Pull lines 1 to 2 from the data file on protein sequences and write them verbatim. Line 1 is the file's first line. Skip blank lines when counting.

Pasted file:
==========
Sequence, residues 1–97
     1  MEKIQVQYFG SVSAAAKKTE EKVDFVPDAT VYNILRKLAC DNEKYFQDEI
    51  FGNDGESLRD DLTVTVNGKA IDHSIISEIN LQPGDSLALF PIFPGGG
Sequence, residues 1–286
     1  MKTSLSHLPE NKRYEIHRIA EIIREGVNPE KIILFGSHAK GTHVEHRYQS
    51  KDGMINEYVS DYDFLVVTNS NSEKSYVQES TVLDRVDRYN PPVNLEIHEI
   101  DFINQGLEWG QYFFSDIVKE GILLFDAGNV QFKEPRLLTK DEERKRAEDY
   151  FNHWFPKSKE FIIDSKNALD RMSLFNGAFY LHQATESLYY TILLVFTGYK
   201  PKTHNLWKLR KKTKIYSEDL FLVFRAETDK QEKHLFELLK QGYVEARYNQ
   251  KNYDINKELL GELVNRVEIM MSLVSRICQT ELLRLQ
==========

Sequence, residues 1–97
     1  MEKIQVQYFG SVSAAAKKTE EKVDFVPDAT VYNILRKLAC DNEKYFQDEI